A century ago, Toronto’s Elgin Theatre was a thriving vaudeville house. Elaborately costumed chorus girls lined the boards, cheerily time-stepping their way through ornately painted sets to ravenous applause. Performers juggled, flaunted trained animals, did acrobatics: frivolity reigned.
So although More Entertainment Group’s Rock of Ages begins with the futuristic instruction to download an app from an onstage QR code, its Ziegfeldian commitment to audience-pleasing spectacle feels right at home in the historic theatre. With a cast of local musical theatre stars in tow, writer-producer JP Gedeon has done his utmost to power through the show’s at times shoddy dramaturgy and bring commercial theatre guitar-soloing back to the Elgin.
Rock of Ages, a jukebox musical featuring ‘80s rock hits, has the vague contours of an LA romance. Amateur songwriter Drew (Trevor Coll) meets Kansas-hailing wannabe actress Sherrie (AJ Bridel) and gets her a waitressing gig at the Bourbon Room, the grungy rock bar where he works. The two then do the things people do in LA romances. Meanwhile, a subplot about the gentrification of the Sunset Strip rages on in the background.
The angle here is that broken dreams are better than broken hearts: though Drew and Sherrie may not make it in the big city, they have each other. But the show undercuts this theme by being relentlessly meta. Every few minutes, narrator Lonny (Dave Comeau) interrupts the story to banter with the audience about the Rock of Ages film adaptation, Toronto, and the fact that the show exists at all. So it’s nearly impossible to empathize with the lovers failing to make it as performers because we’re continually reminded that they are, in fact, successful actors with great voices.
But you don’t go to Rock of Ages to empathize. You go to rock. And Gedeon renders the numbers with bombast. Even the slightest indication of a song’s opening riff transforms the stage into a maximalist conflagration of flashing lights, aggressive video design, and rock concert lasers. It’s the theatrical equivalent of a film filling the screen with CGI to evoke emotion, and Gedeon pulls it off with the skill of a Cameron or a Luhrmann: the sheer amount of visual information on display overwhelms the senses, gets the dopamine pumping, and, yes, melts face.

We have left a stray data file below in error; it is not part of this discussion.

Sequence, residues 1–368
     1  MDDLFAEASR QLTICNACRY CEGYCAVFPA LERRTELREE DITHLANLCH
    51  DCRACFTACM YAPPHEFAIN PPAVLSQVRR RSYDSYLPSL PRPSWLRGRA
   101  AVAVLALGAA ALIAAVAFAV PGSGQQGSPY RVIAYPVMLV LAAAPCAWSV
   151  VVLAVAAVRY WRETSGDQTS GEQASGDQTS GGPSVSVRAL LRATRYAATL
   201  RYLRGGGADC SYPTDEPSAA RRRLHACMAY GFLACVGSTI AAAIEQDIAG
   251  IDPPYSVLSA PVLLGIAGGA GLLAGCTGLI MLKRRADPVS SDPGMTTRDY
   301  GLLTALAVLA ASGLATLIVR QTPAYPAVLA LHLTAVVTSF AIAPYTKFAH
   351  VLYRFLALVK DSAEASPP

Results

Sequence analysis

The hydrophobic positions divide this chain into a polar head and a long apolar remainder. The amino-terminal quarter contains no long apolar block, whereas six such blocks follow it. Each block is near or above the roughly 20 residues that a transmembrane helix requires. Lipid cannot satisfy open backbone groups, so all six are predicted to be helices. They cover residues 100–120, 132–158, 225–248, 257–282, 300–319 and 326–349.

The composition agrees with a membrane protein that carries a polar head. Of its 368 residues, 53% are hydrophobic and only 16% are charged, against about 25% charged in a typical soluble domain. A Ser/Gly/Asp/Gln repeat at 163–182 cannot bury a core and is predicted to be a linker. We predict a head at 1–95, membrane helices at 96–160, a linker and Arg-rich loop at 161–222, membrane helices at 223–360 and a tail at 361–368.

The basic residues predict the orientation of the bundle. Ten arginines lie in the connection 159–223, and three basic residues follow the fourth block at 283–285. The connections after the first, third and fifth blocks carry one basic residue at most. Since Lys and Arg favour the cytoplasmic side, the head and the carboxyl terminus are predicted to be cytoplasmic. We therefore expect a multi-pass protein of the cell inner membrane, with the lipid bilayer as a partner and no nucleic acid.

Erroll Reinart and Narda McCarroll’s vibrant lighting design is the clearest representation of the production’s spectacle ethos. While in most shows, lighting’s primary purpose is to direct the audience’s eye, that’s only secondary here. Instead, the lighting supports Gedeon’s maximalism by creating exciting visual texture. It has an atmospheric, rather than narrative, function. If this wasn’t Rock of Ages, I might therefore criticize the team for not trusting the material, and instead trying to overwhelm it with design. But it’s Rock of Ages, and so this distrust is perfectly warranted. Throughout, Gedeon and company demonstrate impressive understanding of the sheer theatrical force needed to power a show like this.
The cast, too, understands the assignment. As the romantic leads, Coll and Bridel play it straight — which by the end of the thin plot satisfyingly circles around to being camp. Coll’s pyrotechnic tenor glides through even the most demanding of high notes, while Bridel’s careful attention to dynamics finds impressive emotional range in simple melodies.
The supporting cast has a similarly infectious amount of fun. Jeff Madden nimbly navigates a smattering of bit parts including a smoking dog and a record producer, while Tyler Pearse sneaks some glorious falsetto high notes into a comic role that seems right out of Legally Blonde: The Musical.
The ensemble is handily rounded out by such Toronto theatre stalwarts as Gabi Epstein, Tiffany Deriveau, and Paige Foskett. And there’s even a wonderful local dancer, Kae Kae Lee, making her musical theatre debut in the show. Together, they knock through Sean Cheesman’s scrappy choreography with ease.
But perhaps the strangest thing about this Rock of Ages is that although everything from the program to the pre-show announcement hammers home the fact that this is an ‘80s show, the production feels strikingly contemporary. Nick Blais’ flexible, multi-level set invokes the rock concert of the show’s meta setting rather than ‘80s LA, and the video screens across the stage ensure that the production’s aesthetic always has one foot in the digital realm. So it always feels like a show tributing the ‘80s — not a show actually set there.
This makes Rock of Ages the ultimate show for an era where the divide between watching something ironically and watching something earnestly is foggier than ever. The show expects you to give over to its ‘80s cheese while still remaining at an ironic contemporary distance.
But though that may sound difficult, this kinetic production makes it surprisingly easy. Especially when the cast is belting out high notes, the show is so damn fun that most audiences will be willing to go along with its ups and downs. If this is Gedeon’s bid to become Toronto’s next big theatrical impresario, it may well pay off.
Rock of Ages plays at the Elgin Theatre until May 20. Tickets are available here.
I would not recommend this show as the music differed too much from the original songs to the point I thought I was listening to Mariah Carey with the long drawn out notes. There was also a female singer who sang far too many octaves higher than should have been.